Dextran/magnetite is an example of a particulate solution specifically noted to be stabilized by the polymeric dextran (see Hasegawa et al., U.S. Pat. No. 4,101,435, column 4, lines 9-43). Several workers have used dextrans of various molecular weights as ingredients in the synthesis of magnetic colloids or particles (see Hasegawa et al., U.S. Pat. No. 4,101,435; Molday, U.S. Pat. No. 4,454,773; Schroder U.S. Pat. No. 4,501,726 incorporated herein by reference). The resulting complexes of dextran and iron oxide have varying sizes and structures, but all have molecular weights of at least about 500,000 daltons. The incorporation of high molecular weight dextran into magnetic particles or colloids may, however, cause some patients to experience adverse reactions to the dextran, when such complexes are administered as parenteral MR contrast agents. These adverse reactions may also in part be due to the previously discussed problem of the high molecular weight polymers such as dextran which dissociate from the metal oxide colloid or particle upon prolonged storage or under high temperatures, leaving the metal oxide free to aggregate.
Similarly, a stable colloidal complex of ferric hydroxide and partially depolymerized dextran has been used in the treatment of iron-deficiency aneamia (Herb, U.S. Pat. No. 2,885,393; London, et al., U.S. Pat. No. 2,820,740 and U.S. Pat. No. Re. 24,642 all incorporated herein by reference). The most suitable range in molecular weight of the partially depolymerized dextran for injection was found to be 30,000 to 80,000 daltons or lower. (Herb, U.S. Pat. No. 2,885,393 col. 2 line 1-7).
Ferrofluids involve another example of the stabilization of magnetic colloids/particulates through surface modification. Typically, low molecular weight (less than 5,000 daltons) detergents are bound to the surface of a particulate solution of magnetic iron oxide (Rosensweig, R., Scientific American, October 1982, pp. 136-145; Khalafalla, U.S. Pat No. 4,208,294; Kovac U.S. Pat. No. 3,990,981, all incorporated herein by reference).
A final approach to the stabilization of colloids involves the addition of polymeric agents to the solvent. Such agents can adsorb to the surface of the colloid in a weak, reversible fashion, changing the surface characteristics sufficiently to enhance stability. There are several problems with adding free polymer as a stabilizing agent for colloids, and in particular for the stabilization of colloids or particles for parenteral administration (e.g., injection). First, upon storage the free polymer may aggregate, producing a liquid with unacceptable physical properties. This aggregation can occur when a polymeric stabilizer is employed that is capable of gelation or aggregation over the storage period. Polymers that have been used for stabilizing colloids that exhibit the property of gelation are gelatin and high molecular weight dextran. Second, after injection, adverse reactions to free polymer are possible. For example, injection of dextran as a plasma expander is associated with adverse reactions (Mishler, J. H., Clinics in Haemotology 13:75-92 (1984) incorporated herein by reference).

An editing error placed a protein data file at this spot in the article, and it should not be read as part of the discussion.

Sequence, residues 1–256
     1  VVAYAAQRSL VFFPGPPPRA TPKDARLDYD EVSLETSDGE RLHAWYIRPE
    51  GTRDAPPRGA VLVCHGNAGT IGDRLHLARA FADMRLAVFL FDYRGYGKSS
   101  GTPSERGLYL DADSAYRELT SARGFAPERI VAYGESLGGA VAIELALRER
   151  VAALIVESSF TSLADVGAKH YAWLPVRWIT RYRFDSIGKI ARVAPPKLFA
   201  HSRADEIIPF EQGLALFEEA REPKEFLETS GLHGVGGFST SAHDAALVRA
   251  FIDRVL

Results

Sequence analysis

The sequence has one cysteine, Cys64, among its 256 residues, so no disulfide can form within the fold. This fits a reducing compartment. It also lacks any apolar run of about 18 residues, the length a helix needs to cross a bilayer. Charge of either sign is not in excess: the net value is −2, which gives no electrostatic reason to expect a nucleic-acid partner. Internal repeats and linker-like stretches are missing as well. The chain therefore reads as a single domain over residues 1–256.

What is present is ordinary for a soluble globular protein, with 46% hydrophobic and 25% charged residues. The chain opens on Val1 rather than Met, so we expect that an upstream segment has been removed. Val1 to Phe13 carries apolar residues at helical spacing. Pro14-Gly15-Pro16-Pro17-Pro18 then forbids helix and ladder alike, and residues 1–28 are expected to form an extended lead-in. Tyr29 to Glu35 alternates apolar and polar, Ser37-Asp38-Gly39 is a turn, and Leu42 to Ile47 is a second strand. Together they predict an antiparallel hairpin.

Accordingly, an object of this invention is to provide a method of stabilizing colloidal or particulate metal oxide compositions without significant surface modification of the metal oxide.
A further object of this invention is to provide colloidal or particulate metal oxide compositions useful as parenteral MR contrast agents in animal and human subjects which are highly stable to prolonged storage and autoclaving.
A still further object of this invention is to provide parenterally administrable colloidal or particulate iron oxide compositions useful in the treatment of iron anemia in animal and human subjects and which are highly stable to prolonged storage and autoclaving.
A still further object of this invention is to provide improved, stable water-based ferrofluid compositions for use in non-medical applications.
These and other objects are achieved by the addition of an effective amount of certain soluble low molecular weight carbohydrates to the liquid carrier phase of metal oxide compositions.
We have discovered that the stability of known colloidal or particulate metal oxide compositions can be significantly increased by adding a stabilizer comprising one or more soluble low molecular weight carbohydrates to the liquid carrier phase of such compositions. The liquid carrier phase may comprise a buffer and a preservative. These carbohydrates are characterized by the fact that a) they are not retained on the surface of the metal oxide based on the equilibrium room temperature dialysis of about 2 milliliters of the metal oxide composition at 0.2M metal concentration against deionized water; and b) they impart sufficient stability to the metal oxide compositions such that the compositions can withstand heat stress without perceptible aggregation. The ability of a colloid to withstand the deleterious effects of storage can be observed over a variety of times and temperatures. A common practice within the pharmaceutical industry is to analyze the stability of a material for short periods of time, and at temperatures above ambient temperature. In this way formulations of greater or lesser stability can be screened and more stable formulations selected. The selection of low molecular weight carbohydrates as stabilizers of metal oxide colloids at elevated temperatures is demonstrated in Tables I and II.